Timelines or chronologies are textbook staples. No major publishing house produces an American history survey text bereft of a timeline or some similar date/event display. And no publishing house can resist bemoaning how there are never enough pages for all the material that the authors wish to include.
Here's an idea: get rid of the timelines. Timelines take up valuable textbook real estate—usually one-half to a full page. Not only are timelines a waste of time (in more ways than one), but they are also a waste of space. They also violate practically every visual display princple, particularly Edward Tufte’s guidelines. What is the evidence that the timeline presents? Only that in any particular year there was a particular event or events. What is this evidence of? Time marching on? One damn thing after another? Where are the comparisons? Where is the multivariate data? What about the integration of words, numbers, and images? Does a timeline thoroughly describe the source of the evidence? And finally, what is the quality or relevance of timeline evidence?
A timeline is simply a list of years and events without any discernible relationship. What is more, nobody uses them. Can you imagine an instructor announcing, “OK, let's open our books to the timeline.” (Well, maybe some do, but I hope not.) The review questions, recommended reading, and web references fall into the same category. Here are textbook elements that are crying out to be put online. Would not web references be happier on—uh—the Web? And wouldn't a nice printable PDF be a more congenial format for the review questions? Do not, however, make an interactive timeline unless you've got a relationship(s) figured out. Do not.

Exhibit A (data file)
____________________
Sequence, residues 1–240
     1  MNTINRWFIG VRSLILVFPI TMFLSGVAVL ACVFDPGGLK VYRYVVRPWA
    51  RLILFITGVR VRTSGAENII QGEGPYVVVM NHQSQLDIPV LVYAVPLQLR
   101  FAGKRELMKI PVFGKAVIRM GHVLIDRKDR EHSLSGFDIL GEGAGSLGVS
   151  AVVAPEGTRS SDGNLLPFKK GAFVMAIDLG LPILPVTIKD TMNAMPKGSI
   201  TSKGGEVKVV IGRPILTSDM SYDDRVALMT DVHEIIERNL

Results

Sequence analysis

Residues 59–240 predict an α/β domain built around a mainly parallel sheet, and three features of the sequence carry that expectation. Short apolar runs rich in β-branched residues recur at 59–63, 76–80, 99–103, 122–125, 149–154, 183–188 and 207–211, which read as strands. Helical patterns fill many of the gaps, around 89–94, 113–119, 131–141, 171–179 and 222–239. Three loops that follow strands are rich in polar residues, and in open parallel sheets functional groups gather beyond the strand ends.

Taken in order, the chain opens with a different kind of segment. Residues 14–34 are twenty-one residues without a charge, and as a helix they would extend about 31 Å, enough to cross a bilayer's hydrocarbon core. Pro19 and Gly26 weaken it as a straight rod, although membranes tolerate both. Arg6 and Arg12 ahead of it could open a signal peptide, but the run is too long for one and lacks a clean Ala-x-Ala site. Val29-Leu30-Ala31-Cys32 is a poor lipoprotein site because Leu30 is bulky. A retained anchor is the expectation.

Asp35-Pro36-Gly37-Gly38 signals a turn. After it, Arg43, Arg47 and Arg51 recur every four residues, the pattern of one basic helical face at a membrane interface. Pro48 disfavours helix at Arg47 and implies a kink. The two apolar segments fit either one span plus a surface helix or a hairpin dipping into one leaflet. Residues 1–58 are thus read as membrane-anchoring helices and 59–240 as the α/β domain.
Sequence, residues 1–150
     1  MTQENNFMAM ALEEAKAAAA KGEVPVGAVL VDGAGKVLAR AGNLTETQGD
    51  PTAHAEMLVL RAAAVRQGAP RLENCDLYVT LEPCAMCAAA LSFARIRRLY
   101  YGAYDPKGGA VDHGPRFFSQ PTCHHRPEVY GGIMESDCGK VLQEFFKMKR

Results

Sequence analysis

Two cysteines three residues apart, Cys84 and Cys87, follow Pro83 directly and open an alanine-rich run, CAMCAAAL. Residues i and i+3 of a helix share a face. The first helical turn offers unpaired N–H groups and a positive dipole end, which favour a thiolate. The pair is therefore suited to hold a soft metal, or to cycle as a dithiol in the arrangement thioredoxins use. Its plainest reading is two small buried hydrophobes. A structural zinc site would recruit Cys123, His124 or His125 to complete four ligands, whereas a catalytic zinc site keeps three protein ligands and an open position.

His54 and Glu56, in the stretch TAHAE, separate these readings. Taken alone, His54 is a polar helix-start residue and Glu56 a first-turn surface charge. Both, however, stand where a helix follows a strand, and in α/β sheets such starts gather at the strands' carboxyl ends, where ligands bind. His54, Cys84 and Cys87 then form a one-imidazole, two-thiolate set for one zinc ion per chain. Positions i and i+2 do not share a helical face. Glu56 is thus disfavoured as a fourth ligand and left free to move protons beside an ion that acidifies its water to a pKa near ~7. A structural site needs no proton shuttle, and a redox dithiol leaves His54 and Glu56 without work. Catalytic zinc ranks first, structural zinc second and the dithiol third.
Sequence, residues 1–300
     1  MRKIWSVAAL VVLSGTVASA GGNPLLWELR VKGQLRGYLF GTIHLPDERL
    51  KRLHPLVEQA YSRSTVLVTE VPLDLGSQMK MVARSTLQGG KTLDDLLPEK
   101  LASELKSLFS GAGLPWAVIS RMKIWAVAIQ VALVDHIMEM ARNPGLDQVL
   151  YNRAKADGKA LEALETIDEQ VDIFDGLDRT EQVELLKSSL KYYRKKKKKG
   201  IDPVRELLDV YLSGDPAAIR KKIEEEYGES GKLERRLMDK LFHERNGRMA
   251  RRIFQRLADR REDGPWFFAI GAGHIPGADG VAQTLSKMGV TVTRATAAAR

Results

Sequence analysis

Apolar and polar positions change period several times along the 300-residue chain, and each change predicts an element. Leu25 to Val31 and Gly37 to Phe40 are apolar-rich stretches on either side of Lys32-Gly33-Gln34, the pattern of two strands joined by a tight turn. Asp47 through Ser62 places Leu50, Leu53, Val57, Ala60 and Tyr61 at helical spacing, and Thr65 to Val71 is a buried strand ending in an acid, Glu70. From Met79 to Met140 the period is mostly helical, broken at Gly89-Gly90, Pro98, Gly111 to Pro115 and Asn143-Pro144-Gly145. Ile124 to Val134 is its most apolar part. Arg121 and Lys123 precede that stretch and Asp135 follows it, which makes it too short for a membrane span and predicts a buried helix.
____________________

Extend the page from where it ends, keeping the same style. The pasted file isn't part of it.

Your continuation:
And here's the payoff, textbook publishers: moving these things to Web on average frees up 30 pages of texbook space in a combined brief edition. That's 30 pages for more text, maps, images and, perhaps, additional coverage of the late 20th and early 21st centuries. Imagine what might happen to a full edition.